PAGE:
Bandelier Wilderness fire runs it course

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By Roger Snodgrass

A fire that began on Thursday in a remote area of Bandelier National Park is still smoldering, despite the wet weather in the area Monday.

“It has gotten some rain on it,” said Marla Rodgers, the park’s assistant fire management officer. “However, it still has some smoke on it. With the warming and drying trend over the next few days, we expect we’ll be seeing smoke for awhile.”

As soon as the fire was reported by a hiker who saw smoke coming from the next canyon over, the park service flew out to size it up.

Given the weather forecast coming up over the holiday weekend, “We decided not to suppress it,” Rodgers said. “We decided to let it run its natural course.”

When first seen it was about three acres, she said, and when last seen on Sunday evening, it had grown to 46 acres. While the moisture had slowed the fire’s progress, it could continue to grow, depending on the weather.

The fire was in a remote part of the Bandelier Wilderness, in the southwest corner of the park. It’s about a two and a half hour hike into the fire location. Bandelier and the National Forest share a helicopter, but the weather limited flying in for a view on Monday.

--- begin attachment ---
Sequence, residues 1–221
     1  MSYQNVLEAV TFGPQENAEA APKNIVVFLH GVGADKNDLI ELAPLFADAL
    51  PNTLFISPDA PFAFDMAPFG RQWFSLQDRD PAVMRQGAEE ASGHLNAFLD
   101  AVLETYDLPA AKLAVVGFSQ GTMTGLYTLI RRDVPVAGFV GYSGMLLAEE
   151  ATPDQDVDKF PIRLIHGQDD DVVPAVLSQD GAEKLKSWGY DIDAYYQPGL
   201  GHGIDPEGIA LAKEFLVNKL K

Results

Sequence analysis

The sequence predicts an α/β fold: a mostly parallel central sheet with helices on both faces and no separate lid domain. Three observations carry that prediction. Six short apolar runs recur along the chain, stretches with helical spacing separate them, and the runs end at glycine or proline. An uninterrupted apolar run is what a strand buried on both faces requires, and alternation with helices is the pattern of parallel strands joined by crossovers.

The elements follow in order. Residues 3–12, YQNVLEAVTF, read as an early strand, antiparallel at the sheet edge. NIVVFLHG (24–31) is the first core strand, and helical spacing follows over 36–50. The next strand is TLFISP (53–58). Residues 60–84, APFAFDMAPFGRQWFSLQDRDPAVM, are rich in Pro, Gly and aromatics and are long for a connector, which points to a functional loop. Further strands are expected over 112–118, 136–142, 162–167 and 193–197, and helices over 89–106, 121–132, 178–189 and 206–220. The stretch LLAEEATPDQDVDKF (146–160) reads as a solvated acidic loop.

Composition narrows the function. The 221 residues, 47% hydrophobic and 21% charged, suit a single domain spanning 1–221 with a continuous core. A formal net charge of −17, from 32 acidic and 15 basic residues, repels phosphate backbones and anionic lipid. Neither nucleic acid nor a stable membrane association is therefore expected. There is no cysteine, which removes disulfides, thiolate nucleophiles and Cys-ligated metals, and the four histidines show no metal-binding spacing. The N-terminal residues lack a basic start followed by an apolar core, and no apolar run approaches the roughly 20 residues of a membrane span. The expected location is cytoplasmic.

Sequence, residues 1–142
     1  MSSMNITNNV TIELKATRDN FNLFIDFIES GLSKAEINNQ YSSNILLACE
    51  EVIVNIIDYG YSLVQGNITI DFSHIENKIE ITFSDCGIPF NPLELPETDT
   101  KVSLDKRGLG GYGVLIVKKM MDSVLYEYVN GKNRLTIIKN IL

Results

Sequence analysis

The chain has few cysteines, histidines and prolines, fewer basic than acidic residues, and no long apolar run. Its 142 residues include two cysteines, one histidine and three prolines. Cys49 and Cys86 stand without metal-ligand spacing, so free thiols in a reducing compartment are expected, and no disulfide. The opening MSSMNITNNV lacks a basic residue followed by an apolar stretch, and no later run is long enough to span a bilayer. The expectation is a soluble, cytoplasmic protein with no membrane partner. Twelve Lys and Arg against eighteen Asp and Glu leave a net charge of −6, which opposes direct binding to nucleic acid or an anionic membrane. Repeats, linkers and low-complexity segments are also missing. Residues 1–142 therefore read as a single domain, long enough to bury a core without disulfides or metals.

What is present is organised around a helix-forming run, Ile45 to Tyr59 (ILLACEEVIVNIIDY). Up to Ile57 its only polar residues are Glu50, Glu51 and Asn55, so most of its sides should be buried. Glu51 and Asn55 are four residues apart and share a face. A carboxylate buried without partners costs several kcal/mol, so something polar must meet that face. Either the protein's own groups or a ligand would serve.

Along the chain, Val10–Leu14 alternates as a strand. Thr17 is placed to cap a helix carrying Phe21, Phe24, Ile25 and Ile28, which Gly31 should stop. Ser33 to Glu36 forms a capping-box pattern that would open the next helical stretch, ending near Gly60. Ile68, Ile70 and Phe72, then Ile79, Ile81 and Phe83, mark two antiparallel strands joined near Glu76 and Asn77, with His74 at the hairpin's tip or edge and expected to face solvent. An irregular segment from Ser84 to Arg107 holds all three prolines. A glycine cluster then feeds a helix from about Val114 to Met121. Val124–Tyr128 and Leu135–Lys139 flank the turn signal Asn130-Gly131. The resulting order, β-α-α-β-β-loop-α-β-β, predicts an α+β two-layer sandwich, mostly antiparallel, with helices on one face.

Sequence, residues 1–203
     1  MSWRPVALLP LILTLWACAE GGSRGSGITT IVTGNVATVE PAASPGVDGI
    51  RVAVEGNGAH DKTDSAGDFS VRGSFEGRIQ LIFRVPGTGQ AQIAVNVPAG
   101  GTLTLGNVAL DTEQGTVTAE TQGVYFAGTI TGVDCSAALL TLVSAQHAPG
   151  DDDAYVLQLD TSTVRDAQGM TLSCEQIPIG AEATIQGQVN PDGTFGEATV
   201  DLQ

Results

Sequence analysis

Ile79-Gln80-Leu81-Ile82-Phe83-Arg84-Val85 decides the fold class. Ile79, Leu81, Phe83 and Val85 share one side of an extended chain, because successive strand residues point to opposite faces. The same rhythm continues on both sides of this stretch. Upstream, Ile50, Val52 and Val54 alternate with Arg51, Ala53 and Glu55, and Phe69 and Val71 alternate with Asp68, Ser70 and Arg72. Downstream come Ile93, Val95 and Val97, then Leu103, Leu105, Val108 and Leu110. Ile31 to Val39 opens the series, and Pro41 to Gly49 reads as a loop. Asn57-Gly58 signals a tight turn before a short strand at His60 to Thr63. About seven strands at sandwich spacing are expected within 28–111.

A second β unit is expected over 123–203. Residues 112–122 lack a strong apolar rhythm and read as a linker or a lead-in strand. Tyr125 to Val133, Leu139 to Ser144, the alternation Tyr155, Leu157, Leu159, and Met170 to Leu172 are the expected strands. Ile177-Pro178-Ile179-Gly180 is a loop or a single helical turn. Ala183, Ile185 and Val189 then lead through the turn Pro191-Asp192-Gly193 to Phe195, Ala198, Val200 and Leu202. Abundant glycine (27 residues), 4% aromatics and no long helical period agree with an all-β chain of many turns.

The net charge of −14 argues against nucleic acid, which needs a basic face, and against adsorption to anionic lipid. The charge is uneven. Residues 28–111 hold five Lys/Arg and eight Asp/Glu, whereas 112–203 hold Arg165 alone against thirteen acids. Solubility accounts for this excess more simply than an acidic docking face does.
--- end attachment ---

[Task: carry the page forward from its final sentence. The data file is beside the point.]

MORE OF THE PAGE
“We have people hiking in to it again tomorrow,” Rodgers said. “They’ll be doing some monitoring and observation of the weather and fire behavior.”

The Santa Fe National Forest issued a notice Monday in response to a flurry of phone calls, noting that the wildfire was visible from Los Alamos, Santa Fe, Bernalillo and I-25.

“It is burning in piñon and juniper and ponderosa pine stringers,” the bulletin stated.

“It is in a remote location and not threatening any sensitive resources or visitor use area.”

The fire season traditionally winds down at the start of the monsoons, a pattern of afternoon thundershowers that made an early appearance this year.